Department outlines CAP difficulties

Department of Agriculture officials gave an insight into the rollout of the Common Agricultural Policy (CAP) Reform 2014 to 2020 for Ireland and various difficulties that have yet to be ironed out at a Teagasc Business Conference today.

In an extensive brief to solicitors, accountants and advisors in Tullamore, Andy McGarrigle of the department, spoke at length on CAP rollout.

“For 2015 we have to introduce the new scheme the single payments scheme, which will be replaced by the basic payments scheme. Ireland and all of the member states must also implement the greening measure. We must implement a scheme for young farmers and we must implement a national reserve. There are also other optional schemes that we may or may not implement depending on the decision that have to be taken,”  he outlined.

In terms of optional schemes, he noted the voluntary couple support, payment for natural constraints and a special scheme for small farmers are under review.

“But if one or more of those optional measures is implemented the money available for the basic payments scheme reduces. This is because each member state is given an envelope of money and what ever they want to do internally has to be funded from that envelope of money. There isn’t any extra money available.”

All farmers are subject to greening but effectively it’s only the arable farmers, he noted.

“Some 94 percent of Irish farmers have nothing only permanent grassland. So the arable farmer will have to have crop diversification if he has more than 10ha. He will have to have two crops between 10-30ha if he has more than 30ha, it must be three crops.

“Arable farmers with more than 15ha must have five per cent ecological area. Organic farmers are exempt. So are farmers with more than 75 per cent in permanent pasture. The greening measures don’t have a great impact on Ireland.”

McGarrigle outlined the definition of a young farmer, “farmers who are under the age of 40 years in the first year of application and they must have established there holding in the previous five years”.

He continued: “The minister will decide the criteria in terms of education and so on. The payment will be in place for a max of five years and then the money goes to the new young farmers coming into the system. The five years dates from the time of the setting up of the holding. So if someone set up their holding in 2013  in 2015 they will have completed three years so they will only have two years left.”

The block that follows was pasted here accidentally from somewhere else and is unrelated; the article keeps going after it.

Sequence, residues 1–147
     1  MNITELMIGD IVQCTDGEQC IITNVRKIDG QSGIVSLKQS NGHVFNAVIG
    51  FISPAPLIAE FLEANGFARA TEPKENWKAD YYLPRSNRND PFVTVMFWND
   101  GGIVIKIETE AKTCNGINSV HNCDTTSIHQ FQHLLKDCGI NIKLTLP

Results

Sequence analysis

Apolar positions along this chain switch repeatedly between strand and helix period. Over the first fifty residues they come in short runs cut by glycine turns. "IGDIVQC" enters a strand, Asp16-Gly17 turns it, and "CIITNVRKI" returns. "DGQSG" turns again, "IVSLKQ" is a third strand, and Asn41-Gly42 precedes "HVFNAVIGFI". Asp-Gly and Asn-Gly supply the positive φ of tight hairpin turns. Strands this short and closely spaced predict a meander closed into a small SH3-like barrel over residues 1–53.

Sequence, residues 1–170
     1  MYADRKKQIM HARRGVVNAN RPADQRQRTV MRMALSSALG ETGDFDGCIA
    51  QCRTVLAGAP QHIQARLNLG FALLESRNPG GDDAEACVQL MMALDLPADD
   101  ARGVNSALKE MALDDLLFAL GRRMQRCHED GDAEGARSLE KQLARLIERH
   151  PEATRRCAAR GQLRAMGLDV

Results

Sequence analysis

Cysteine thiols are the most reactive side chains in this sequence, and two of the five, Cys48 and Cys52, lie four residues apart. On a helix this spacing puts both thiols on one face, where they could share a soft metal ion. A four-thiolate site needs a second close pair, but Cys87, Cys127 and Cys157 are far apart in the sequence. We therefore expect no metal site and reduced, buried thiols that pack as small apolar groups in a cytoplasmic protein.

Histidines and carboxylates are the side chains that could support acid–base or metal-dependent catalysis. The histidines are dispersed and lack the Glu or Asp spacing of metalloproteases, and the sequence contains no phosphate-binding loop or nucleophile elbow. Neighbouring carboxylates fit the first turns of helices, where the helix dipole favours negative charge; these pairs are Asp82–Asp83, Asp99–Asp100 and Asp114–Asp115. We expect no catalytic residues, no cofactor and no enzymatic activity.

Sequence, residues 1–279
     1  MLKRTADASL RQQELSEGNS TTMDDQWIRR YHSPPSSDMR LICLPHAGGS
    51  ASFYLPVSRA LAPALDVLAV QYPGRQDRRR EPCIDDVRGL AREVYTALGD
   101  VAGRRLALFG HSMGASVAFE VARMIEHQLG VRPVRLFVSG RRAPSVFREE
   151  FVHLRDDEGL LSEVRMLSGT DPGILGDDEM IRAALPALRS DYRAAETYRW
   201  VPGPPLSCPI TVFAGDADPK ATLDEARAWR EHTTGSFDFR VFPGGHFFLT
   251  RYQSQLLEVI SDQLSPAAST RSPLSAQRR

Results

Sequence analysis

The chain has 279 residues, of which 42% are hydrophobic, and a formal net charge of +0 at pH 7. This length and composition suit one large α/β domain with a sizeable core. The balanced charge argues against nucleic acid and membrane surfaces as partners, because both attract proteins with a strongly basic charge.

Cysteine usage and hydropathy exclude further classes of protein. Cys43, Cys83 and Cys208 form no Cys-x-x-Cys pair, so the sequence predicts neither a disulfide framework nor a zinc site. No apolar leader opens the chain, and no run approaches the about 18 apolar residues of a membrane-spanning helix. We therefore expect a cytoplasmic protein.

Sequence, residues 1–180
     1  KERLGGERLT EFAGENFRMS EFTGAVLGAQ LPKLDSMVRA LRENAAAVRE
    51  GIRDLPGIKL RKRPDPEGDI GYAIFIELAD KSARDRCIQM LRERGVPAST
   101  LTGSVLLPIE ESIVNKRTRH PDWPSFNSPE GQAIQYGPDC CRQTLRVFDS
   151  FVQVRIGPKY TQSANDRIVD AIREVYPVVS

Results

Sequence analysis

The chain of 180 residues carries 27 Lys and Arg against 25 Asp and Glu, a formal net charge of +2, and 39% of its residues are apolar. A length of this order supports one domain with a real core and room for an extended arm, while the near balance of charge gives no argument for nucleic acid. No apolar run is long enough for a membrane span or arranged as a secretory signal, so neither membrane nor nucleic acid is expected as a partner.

In terms of farm partnerships between younger and older farmers, he noted difficulties with father and son partnerships.

“In a partnership of father and son, the son won’t qualify (for the young farmers scheme). This still has to be ironed out. There is no issue with partnerships other than that. You can’t have a position were monies targeted for young farmers is being paid out to older farmers.”

With regard to entitlements, he suggest similarities between what we have today and what we will have after 2015. “Both use entitlements, there’s an annual application, the farmer must continue to declare eligible land you one ha of eligible land for each entitlement and the entitlement will continue to be transferable by sale lease and so on.

He said the main difference was that “the entitlement value will change from year to year. People with high-value entitlements will be reduced.  Then the people on the low value will move up as the proposals currently stand”.

He also noted issues with leased entitlements with the rollout of the new CAP. “The status of leased entitlements is yet to be clarified. Because if you are using entitlements in the agreement in June, it said only entitlements definitively held by the farmer in 2014 can be used. That effectively means that you can’t take into account those entitlements that are leased by a farmer from another farmer.”

According to the department official, some €50m is leased every year, €24m of that is leased by farmers who have leased out all there land in entitlements and are effectively not farming and weren’t paid in 2013. So they won’t be getting a new set of entitlements.”

A number of key decisions is expected to be made within the coming weeks, where the rollout of CAP for Ireland is set to be announced mid-December.

Additional reports from the Teagasc Business Conference are to follow over the coming days